4. Picnic by a tranquil lake.
When was the last time you went on a picnic? Pack up your favourite provisions – fresh is best, so stop by your nearest farmers market pre-picnic adventure – jump in the car and head to one of many top picnic spots in the South West. Our favourites include Honeymoon Pool, located on the lower part of the Collie River in Wellington National Park. Here, you can hire kayaks from Kiosk at the Dam and go for a paddle, or take a tour or hire SUPs and kayaks from local Collie-based company Traaverse. Further south try Pemberton Pools, the Warren River campsite in the Warren National Park; and anywhere along the Blackwood River.
5. Walk the Cape to Cape or the Bibbulmun Track.
The 135km-long Cape to Cape Track is a hiker hotspot in spring. It’s easy to see why – the track is the perfect vantage point to spot whales and dolphins from the shore, and is home to a whole variety of coastal wildflowers. Pick a section and go for a gentle stroll, challenge yourself with an all-day or all-track hike, or take a guided tour with Cape to Cape Explorer Tours or Walk Into Luxury. The Bibbulmun Track is one of the world's great long distance walk trails, stretching nearly 1,000 kilometres from Kalamunda, in the Perth Hills, to the historic town of Albany on the south coast. This Top Trail passes through the heart of the scenic South West, becoming particularly beautiful around Manjimup and Pemberton in the Southern Forests region where wildflowers are an abundance in spring.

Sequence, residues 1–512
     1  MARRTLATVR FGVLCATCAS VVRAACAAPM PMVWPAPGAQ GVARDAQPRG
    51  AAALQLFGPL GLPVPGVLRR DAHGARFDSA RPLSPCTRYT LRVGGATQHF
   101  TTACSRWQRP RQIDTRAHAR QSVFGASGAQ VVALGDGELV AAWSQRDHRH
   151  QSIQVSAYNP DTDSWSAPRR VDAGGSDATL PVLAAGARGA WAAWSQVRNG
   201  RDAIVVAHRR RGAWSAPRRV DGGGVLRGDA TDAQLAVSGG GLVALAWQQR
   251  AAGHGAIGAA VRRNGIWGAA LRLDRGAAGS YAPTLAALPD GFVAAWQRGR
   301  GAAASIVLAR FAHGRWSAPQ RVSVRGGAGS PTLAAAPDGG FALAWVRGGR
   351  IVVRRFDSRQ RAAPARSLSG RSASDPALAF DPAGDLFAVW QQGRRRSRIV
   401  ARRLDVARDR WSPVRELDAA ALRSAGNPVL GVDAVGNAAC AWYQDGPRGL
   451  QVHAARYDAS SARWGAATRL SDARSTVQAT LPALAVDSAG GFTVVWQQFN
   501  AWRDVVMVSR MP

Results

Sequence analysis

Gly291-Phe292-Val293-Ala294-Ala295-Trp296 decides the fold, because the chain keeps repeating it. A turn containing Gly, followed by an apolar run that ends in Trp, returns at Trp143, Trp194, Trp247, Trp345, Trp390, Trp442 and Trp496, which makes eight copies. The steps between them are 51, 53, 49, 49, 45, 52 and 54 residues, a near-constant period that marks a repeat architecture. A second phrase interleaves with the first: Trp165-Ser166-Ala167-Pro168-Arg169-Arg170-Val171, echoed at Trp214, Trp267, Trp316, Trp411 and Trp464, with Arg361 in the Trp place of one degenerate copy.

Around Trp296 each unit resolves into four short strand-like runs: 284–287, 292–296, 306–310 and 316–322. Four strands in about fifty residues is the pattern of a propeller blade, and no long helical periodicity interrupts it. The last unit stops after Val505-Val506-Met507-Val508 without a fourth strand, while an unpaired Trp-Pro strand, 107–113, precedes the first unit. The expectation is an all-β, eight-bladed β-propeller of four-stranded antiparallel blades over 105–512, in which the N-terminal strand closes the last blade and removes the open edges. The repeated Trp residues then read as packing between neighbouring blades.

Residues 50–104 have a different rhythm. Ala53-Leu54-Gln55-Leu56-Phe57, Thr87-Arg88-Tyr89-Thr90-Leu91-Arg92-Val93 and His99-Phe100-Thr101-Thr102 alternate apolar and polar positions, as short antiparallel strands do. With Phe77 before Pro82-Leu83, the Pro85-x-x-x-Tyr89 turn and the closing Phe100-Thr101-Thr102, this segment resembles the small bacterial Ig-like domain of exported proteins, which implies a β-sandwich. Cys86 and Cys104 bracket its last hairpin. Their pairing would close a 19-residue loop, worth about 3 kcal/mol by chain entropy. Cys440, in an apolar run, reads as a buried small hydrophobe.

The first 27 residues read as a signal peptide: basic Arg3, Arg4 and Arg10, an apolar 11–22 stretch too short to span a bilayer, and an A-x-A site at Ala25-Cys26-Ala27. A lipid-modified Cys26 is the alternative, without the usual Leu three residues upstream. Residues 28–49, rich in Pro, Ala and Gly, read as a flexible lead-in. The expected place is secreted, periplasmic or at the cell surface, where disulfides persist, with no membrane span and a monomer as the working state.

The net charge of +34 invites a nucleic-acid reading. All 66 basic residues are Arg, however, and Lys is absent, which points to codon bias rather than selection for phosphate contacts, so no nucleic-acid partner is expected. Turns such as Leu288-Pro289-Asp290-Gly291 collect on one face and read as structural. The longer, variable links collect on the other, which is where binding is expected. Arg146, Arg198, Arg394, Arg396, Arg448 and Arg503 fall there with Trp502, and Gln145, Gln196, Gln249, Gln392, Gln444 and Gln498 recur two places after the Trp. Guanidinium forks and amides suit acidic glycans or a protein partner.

6. Visit two of the region's iconic lighthouses.
Did you know the South West is home to the tallest mainland lighthouse in Australia? Cape Leeuwin Lighthouse stands proudly at the tip of the cape in Augusta, overlooking the Southern and Indian Oceans. Climb to the top of the lighthouse and see what you can spot, plus check out the new interpretive centre. At the top of Cape Naturaliste, you’ll find the Cape Naturaliste Lighthouse, which offers views of the Cape to Cape. A short walking track from here to the free viewing platform is a great place to sight whales from September to December. For an immersive experience, go next door to Koomal Dreaming for an Aboriginal tour, where you’ll gain insight into the area’s history and the native flora and fauna surrounding it.